By the third millennium, Alec had enhanced his status to be one of the high-profile actors for he not only once again acquired the same nomination at Golden Globe Awards, but also another of Outstanding Performance by a Male Actor in a Television Movie or Miniseries at Screen Actors Guild Awards in 2001 through his role as a prosecutorial attorney in the TNT's miniseries of "Nuremberg” (2000). However, this glory was marred on January 12, 2001 as Basinger suddenly filed for divorce and caused him had to fight the rumor of his abusive behavior for years after the official break-up in February 2002. In the meantime, he amazingly continued to collect more credits when garnered numerous honors at prestigious award events for his fantastic enactment of Shelly Kaplow in “The Cooler” (2003), notably an Oscar nomination in the category of Best Actor in a Supporting Role by the year 2004.

Joined the high-profile film productions of “Along Came Polly” and “The Aviator” which both came up in 2004, Alec then teamed up with Orlando Bloom and Kirsten Dunst to film “Elizabethtown” (2005) before acquired a recurring part in NBC's acclaimed sitcom, “Will & Grace” (1998-2006). Once more obtained an Emmy Awards' nomination in 2005, this time for Outstanding Guest Actor in a Comedy Series category through his role as Will's new boss named Malcolm, he afterwards was seen in “Fun with Dick and Jane” (2005) alongside Jim Carrey and Tea Leoni while also starred together with Luke Wilson, Nikki Reed, plus Carrie-Anne Moss in “Mini's First Time” (2005). Still had 4 other projects to appear in the same year, namely “Brooklyn Rules”, “Lymelife”, “The Swimmer”, and “Simply Halston,” he proceeded to keep shining brightly in 2006 through “Running with Scissors”, “The Departed”, “The Good Shepherd”, “Untitled Marc Klein Project”, and “Street.”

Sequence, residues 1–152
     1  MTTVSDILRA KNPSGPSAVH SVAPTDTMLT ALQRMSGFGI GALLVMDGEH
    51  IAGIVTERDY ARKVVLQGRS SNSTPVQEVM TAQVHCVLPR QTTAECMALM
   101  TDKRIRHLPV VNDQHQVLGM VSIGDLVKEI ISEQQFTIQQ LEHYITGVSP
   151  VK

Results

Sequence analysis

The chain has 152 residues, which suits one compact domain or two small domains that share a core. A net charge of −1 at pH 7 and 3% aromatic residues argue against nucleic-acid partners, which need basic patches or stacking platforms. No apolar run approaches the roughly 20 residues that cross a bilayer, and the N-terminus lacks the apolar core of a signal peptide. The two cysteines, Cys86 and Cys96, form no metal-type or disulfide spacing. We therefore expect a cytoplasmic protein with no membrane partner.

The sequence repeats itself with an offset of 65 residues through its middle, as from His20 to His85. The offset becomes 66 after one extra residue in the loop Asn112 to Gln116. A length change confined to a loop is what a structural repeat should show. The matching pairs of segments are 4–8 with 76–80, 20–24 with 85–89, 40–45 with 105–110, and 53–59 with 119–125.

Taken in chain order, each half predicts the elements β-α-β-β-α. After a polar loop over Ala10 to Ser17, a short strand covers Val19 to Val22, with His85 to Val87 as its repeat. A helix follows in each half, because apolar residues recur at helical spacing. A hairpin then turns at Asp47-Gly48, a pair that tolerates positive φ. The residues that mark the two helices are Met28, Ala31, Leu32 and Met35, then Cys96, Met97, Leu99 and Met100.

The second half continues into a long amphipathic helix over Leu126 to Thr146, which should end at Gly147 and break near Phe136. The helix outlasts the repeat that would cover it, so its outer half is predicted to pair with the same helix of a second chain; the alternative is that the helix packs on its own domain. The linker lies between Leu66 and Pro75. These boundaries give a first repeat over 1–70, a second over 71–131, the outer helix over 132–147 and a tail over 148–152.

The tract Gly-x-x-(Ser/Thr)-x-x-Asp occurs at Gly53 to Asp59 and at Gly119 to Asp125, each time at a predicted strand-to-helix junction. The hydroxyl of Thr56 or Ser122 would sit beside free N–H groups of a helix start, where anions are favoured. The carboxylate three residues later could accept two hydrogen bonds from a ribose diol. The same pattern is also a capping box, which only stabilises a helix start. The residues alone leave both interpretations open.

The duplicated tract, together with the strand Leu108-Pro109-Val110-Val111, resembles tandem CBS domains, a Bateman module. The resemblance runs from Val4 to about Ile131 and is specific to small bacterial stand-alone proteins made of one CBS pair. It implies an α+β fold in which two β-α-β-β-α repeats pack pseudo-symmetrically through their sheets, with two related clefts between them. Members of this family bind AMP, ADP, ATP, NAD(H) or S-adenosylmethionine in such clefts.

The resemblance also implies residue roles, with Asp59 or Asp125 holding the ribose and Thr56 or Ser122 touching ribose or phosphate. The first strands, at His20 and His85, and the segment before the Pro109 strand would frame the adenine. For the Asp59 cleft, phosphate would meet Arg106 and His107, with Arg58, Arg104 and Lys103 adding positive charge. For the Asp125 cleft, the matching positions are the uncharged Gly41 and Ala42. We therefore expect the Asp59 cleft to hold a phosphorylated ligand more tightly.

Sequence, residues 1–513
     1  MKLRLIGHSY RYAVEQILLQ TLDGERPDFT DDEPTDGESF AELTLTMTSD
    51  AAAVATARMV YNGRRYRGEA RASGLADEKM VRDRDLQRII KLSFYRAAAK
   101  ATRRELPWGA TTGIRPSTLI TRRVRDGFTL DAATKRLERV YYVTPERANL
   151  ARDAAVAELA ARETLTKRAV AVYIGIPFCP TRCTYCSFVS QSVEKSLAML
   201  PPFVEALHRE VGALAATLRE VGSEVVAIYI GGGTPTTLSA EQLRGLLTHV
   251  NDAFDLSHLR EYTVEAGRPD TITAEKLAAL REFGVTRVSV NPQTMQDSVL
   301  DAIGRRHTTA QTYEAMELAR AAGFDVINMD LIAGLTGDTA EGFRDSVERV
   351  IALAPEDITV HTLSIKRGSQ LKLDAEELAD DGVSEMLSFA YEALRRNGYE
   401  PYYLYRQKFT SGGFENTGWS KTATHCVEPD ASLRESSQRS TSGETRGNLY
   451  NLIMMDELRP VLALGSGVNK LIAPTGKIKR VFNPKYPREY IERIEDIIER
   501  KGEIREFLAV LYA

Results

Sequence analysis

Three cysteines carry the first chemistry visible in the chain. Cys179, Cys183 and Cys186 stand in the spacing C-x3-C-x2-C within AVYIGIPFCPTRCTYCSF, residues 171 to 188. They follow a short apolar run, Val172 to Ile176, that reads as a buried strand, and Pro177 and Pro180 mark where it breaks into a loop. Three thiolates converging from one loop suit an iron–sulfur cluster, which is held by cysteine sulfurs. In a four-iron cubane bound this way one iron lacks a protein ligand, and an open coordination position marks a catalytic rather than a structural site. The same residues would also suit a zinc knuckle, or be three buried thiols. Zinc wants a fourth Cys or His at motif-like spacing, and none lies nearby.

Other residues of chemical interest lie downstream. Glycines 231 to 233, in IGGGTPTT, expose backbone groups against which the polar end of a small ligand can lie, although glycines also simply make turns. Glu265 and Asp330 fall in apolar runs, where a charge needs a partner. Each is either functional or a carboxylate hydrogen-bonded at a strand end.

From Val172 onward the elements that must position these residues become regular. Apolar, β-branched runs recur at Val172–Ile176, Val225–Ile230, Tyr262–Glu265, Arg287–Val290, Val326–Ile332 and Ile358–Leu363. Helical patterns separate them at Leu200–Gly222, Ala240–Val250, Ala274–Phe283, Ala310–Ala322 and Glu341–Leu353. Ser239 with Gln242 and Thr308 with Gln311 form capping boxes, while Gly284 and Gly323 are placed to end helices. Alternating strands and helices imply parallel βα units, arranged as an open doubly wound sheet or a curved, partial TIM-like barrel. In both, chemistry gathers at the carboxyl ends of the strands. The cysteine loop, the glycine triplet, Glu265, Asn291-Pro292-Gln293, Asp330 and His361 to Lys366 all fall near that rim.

Aside from his profession as Hollywood actor, Alec has established a solid career in theatrical productions he had developed by the time he was trained under Lee Strasberg Theatre Institute in which he joined its project of “A Midsummer Night's Dream.” Nabbed his Broadway debut in 1986 through Joe Orton's "Loot,” he has built such an impressive list of stage experience since, performing in "Serious Money" (1988), "Prelude to a Kiss" (1990), and "A Streetcar Named Desire" (1992), the latter led him to acquire the Best Actor (Play) nomination at Tony Awards in the same year. Also involved in "Macbeth" (1998), "Gross Points" (2001), and "The Twentieth Century" (2004), he ventured into film production in 1994 after founded El Dorado Productions which has made among others “Heaven's Prisoners” (1996), “The Confession” (1999), “State and Main” (2000), plus a TNT TV-movie entitled “Second Nature” (2003).

Already became a professional actor with notable accomplishment, it is not hard for Alec to add more film projects to his resume, naming that of comedy romance flick “The Girls' Guide to Hunting & Fishing” and drama “Vivaldi”, both slated to come up by the year 2007. Prior to the release of these two pictures, he smoothly marked the early period of the year with winning a Golden Globe Award in the category of Best Performance by an Actor in a Television Series – Musical or Comedy, thanks to his role in “30 Rock.”